LinkedIn profiles are like opinions – everybody has got one.

Make sure it is up to date and supports your CV, is professional but not necessarily too detailed.

As a senior exec you must advertise your suitability for the role on paper, online and in person (or via video conferencing at the moment).

These days LinkedIn is often a fundamental component of your overall professional presence, and, despite its imperfections, the most relevant social media platform for modern exec careers.

It’s good practice to make sure your profile is as polished as your CV, up to date and offers me and perhaps others considering approaching you, the right first impression. 

If you’re clever, customise your public profile URL to something easy to look at and type out from the printed CV. Or, if like me and prefer instructions, try LinkedIn’s help pages here.


Leave them off for now… Our clients generally only require references at the end of the process and for shortlist or preferred candidates only. 

Many of our candidates will often have two, three even four stages of interviews and assessments for you to tackle before references come into play.

On occasion, we may reference earlier in the process, but not usually. 

If our client does make an offer, it’s then we’ll ordinarily talk about references.

The aim of your CV is to simply get you in the game. Use the space to stake your claim – We’ll validate later.

Stick to the facts

Tell the truth. Sounds obvious? Be positive but it should go without saying that embellishments, exaggerations or bare faced lies have no place on a CV.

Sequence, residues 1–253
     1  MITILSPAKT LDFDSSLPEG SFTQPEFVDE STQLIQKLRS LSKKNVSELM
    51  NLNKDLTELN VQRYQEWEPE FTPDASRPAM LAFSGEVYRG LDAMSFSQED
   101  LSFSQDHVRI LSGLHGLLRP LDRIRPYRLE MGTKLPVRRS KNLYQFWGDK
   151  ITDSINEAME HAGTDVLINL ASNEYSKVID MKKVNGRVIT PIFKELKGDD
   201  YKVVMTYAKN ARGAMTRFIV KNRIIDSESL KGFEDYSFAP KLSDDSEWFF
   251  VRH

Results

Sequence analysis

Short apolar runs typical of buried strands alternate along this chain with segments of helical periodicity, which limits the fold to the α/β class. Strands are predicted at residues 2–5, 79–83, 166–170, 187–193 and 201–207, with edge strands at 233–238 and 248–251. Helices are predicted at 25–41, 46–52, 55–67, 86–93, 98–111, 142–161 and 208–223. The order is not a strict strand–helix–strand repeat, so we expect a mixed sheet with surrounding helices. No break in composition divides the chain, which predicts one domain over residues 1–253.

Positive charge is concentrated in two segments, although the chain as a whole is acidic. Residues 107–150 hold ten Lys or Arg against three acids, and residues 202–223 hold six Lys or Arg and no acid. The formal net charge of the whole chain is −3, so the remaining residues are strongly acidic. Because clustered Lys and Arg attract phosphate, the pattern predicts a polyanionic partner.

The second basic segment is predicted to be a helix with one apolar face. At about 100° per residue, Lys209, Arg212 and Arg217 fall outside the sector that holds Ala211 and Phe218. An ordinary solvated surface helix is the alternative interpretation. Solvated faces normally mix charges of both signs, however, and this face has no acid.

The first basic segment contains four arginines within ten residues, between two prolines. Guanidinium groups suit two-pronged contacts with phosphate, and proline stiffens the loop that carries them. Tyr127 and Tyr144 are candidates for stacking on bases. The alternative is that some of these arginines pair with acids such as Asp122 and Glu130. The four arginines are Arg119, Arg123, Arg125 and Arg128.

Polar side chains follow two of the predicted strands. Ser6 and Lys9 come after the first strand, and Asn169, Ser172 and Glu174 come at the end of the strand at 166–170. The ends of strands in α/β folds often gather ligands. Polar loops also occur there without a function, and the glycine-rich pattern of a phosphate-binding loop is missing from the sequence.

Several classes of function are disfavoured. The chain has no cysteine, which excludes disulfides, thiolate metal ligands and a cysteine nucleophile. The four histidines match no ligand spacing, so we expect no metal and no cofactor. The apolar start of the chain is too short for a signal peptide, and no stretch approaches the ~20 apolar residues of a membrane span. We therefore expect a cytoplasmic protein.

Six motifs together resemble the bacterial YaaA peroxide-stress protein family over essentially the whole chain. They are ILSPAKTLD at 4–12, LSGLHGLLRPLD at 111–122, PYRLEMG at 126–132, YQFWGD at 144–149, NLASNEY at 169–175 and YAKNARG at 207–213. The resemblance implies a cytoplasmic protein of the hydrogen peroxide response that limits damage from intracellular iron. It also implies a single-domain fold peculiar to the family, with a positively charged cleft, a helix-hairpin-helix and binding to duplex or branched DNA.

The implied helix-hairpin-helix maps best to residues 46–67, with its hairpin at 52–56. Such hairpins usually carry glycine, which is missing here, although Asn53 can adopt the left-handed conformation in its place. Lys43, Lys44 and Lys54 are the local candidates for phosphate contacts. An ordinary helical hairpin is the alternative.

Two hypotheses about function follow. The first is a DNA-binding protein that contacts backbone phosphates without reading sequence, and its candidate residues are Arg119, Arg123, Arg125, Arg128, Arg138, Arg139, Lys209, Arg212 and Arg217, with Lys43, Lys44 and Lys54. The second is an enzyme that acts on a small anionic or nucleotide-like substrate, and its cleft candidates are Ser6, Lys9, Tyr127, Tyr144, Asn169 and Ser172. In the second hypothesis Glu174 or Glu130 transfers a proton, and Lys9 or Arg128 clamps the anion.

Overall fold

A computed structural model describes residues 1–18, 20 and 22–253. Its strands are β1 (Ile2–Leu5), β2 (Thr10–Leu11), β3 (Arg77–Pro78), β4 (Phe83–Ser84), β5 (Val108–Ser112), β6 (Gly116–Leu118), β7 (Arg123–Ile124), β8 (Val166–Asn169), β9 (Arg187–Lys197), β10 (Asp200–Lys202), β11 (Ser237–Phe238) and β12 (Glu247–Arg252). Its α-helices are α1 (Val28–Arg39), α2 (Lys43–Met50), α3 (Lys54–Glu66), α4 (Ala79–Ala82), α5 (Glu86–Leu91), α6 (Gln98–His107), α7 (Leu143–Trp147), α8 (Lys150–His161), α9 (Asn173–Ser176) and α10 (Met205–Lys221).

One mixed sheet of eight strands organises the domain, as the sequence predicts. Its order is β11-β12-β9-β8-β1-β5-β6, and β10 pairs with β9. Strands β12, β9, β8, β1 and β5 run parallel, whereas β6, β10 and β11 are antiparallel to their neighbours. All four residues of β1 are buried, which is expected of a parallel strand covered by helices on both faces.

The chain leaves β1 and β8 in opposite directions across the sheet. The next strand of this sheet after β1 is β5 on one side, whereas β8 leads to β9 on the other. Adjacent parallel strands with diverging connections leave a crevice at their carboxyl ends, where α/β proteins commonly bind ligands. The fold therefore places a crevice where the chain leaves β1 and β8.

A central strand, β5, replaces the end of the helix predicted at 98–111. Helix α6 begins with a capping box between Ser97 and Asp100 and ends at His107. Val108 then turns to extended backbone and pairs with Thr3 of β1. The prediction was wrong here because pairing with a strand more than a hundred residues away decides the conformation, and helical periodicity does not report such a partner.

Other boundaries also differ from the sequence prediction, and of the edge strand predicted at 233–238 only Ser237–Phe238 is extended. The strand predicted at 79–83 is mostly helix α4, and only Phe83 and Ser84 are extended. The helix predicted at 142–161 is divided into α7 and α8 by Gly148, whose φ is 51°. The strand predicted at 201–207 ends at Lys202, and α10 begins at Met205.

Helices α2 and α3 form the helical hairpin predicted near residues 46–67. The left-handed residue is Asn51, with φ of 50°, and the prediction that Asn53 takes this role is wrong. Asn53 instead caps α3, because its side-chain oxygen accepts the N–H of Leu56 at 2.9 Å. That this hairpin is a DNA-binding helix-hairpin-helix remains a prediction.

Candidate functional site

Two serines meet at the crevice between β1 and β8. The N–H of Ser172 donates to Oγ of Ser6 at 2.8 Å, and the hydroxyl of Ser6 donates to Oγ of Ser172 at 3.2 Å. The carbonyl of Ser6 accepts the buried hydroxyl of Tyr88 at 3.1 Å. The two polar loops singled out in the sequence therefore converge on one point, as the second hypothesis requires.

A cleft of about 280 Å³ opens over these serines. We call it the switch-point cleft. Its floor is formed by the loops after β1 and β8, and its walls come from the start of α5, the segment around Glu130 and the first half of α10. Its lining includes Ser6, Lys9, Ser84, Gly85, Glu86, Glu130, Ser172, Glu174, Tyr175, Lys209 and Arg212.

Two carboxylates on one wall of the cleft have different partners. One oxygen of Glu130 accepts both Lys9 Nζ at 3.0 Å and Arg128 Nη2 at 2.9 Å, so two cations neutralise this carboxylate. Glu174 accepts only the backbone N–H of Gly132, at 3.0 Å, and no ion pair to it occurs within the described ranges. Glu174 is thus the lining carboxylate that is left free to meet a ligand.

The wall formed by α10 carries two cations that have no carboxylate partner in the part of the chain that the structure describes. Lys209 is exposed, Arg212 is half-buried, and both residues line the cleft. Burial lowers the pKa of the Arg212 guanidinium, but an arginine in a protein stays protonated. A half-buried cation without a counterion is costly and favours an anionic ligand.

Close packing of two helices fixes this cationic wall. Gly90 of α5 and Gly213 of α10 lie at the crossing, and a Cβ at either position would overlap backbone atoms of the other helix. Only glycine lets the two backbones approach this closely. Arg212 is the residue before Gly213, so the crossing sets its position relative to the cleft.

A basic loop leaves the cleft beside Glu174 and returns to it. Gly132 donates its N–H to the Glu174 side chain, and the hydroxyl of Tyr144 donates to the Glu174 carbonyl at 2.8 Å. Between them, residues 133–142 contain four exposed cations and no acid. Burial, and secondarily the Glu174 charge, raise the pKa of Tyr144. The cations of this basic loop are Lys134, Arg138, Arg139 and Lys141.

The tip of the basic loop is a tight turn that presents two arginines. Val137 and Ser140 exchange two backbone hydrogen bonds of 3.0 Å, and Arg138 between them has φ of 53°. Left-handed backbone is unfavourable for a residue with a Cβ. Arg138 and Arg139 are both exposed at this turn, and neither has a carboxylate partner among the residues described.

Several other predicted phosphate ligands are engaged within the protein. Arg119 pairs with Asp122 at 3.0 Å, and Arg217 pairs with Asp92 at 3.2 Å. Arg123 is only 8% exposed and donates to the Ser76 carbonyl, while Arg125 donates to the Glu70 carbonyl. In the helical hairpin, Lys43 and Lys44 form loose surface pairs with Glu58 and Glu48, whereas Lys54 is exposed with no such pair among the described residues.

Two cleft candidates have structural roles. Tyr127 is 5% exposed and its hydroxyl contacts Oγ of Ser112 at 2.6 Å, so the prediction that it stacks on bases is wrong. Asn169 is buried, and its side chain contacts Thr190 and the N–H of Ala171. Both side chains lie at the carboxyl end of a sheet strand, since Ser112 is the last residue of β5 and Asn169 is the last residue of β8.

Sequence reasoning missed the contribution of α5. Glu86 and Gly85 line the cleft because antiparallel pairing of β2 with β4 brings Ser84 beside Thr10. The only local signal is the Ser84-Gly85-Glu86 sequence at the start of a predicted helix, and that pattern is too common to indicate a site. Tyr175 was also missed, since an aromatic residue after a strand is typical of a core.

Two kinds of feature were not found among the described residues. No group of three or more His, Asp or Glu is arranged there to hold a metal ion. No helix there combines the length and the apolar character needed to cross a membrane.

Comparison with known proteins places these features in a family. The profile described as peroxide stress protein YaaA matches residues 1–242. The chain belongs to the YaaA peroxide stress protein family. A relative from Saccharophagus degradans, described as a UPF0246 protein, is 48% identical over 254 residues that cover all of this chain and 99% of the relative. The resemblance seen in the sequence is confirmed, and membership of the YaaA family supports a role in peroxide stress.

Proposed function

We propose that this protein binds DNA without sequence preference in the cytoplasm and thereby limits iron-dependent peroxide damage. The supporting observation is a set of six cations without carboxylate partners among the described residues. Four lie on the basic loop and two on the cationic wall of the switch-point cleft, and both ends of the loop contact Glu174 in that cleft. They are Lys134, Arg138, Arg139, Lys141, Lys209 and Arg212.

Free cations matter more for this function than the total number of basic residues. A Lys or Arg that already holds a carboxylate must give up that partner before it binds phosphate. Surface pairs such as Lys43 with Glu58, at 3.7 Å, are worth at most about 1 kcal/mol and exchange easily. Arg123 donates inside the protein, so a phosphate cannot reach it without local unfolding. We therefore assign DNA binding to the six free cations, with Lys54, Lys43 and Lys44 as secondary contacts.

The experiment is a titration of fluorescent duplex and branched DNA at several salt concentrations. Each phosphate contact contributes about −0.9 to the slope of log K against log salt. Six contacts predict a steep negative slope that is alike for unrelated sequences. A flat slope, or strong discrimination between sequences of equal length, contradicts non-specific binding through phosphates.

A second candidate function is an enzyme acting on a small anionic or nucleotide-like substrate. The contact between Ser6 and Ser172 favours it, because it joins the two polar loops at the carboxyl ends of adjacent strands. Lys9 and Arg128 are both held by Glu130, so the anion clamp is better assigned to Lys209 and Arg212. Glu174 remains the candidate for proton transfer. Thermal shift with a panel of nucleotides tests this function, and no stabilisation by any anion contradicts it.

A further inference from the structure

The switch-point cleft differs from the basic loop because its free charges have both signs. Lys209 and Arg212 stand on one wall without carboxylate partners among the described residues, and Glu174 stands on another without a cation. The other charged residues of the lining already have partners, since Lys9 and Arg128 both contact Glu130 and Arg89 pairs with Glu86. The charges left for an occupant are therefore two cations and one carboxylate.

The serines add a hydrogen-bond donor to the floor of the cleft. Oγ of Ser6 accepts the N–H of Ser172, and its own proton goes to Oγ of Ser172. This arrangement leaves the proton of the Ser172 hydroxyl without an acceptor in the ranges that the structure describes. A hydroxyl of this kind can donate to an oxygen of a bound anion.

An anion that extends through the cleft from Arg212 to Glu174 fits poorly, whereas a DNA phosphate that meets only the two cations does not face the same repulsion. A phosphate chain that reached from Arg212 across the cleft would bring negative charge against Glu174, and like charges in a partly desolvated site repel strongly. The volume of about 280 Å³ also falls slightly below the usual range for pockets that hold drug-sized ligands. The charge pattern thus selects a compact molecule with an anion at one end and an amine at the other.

Once I don’t trust you, it’s game over.

You may be surprised with some of the CV falsehoods we’ve exposed over the years. Not very often I may hasten to add, but…

Ask a trusted friend to look at it

Get a fresh pair of eyes on your CV, a new perspective. 

Does it represent you well?

Are you under-selling yourself?

You’ll be surprised what other people will find, from missed typos to suggesting better ways to phrase.

Ask a few fellow trusted professionals in your network to give their opinions. 

Feedback can be subjective so get a few different opinions.

In executive recruitment, connections and industry expertise are essential to landing new roles, so use them. 

A strong effective CV is the starting point, and you can always offer to return the favour in the future.

Once you have your ‘generic’ CV you can tailor it to suit individual responses. It’s purpose is to secure the next call or interview.

Of course if you’re not a strong match to the role brief, no amount of tailoring will fix that. Move on to the next opportunity, the one where you are what they’re looking for. That’s when the phone rings.

If you’re looking for your next role, then please feel free to Upload Your CV or Call Us for an exploratory conversation. If you’re looking for a senior executive for your organisation, please use our Client Upload Form or Call Us now.

Barron Williams